2. Another Anemic Jobs Report from ADP: ADP reported an anemic nonfarm private employment increase of just 13,000 in June: This was considerably below the 60,000 increase in jobs expected by economists. I would characterize a 60,000 jobs increase number to be anemic so I need to find another word to describe 13,000.

3. Sold FRPRK at $17.01 (see Disclaimer): This position had been bought in the regular IRA at $8.4 in February 2009. Although First Industrial has continued to pay its preferred stock dividends, it has eliminated its common stock dividends, which removes the impediment to a deferral of the equity preferred dividend. This one just became too risky to continue holding it in an IRA account, particularly considering the number of dividends received to date and the 100+% gain in the shares. The final straw was Fitch's downgrade of the preferred stock to CCC based in part on their assessment of a potential deferral. I had successfully traded the two equity preferred stocks from First Industrial on several occasions during the Near Depression period and the 30 shares sold yesterday was part of the net profit realized in those trades. I am willing to accept less in yield for more safety now.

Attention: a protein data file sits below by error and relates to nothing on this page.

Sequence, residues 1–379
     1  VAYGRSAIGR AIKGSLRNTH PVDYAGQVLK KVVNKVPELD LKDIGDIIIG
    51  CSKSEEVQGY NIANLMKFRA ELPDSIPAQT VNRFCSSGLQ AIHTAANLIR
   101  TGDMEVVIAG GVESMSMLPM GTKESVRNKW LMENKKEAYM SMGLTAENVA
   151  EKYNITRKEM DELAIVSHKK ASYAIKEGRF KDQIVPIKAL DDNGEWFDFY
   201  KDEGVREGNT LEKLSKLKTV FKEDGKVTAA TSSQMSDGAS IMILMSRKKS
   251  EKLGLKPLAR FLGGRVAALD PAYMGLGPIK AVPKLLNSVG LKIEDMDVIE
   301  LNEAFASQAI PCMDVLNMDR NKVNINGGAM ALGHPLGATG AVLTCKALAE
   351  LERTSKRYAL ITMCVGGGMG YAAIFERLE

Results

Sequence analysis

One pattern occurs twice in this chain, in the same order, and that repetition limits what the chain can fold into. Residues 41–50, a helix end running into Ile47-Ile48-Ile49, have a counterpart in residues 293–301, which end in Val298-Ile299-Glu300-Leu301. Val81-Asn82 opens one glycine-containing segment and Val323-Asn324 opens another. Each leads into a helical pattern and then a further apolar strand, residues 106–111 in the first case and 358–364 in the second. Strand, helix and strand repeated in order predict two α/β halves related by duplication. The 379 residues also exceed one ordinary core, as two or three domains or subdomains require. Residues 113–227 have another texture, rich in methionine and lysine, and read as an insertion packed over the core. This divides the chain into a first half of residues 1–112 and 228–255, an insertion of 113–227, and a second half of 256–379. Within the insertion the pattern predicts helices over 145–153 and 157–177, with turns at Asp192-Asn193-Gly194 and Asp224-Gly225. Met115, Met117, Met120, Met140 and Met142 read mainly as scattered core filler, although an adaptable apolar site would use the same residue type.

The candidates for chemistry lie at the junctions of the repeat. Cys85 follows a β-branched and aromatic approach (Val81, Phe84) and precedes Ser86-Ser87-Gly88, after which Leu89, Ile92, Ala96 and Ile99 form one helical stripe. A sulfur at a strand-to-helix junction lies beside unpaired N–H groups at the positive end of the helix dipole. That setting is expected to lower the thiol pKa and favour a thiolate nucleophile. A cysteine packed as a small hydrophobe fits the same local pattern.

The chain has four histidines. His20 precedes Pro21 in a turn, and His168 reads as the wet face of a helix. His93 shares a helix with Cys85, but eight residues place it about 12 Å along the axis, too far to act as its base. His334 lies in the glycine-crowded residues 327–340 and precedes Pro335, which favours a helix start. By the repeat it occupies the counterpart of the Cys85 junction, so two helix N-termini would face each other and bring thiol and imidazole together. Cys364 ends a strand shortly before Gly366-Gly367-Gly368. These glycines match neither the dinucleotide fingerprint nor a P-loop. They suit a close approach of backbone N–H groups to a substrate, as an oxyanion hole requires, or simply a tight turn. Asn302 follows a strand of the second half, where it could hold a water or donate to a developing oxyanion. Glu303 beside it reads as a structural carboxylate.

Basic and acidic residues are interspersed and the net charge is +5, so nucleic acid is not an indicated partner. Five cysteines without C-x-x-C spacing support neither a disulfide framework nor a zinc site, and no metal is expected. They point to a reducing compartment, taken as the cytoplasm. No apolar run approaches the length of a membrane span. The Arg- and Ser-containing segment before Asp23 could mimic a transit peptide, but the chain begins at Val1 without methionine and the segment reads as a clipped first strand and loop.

4. Bought 500 CAD with Part of Proceeds from the Sell of BDT at 8.72/Sold 114 BDV in ROTH (See Disclaimer): I decided to dump two of the Blackrock CEFs yesterday. I sold 114 of BDV in the Roth as part of the de-risking process in the retirement account. BDT was sold in a taxable account and the proceeds will be used to buy Canadian dollars as the CAD continues to decline against the USD.

No comments:

Post a Comment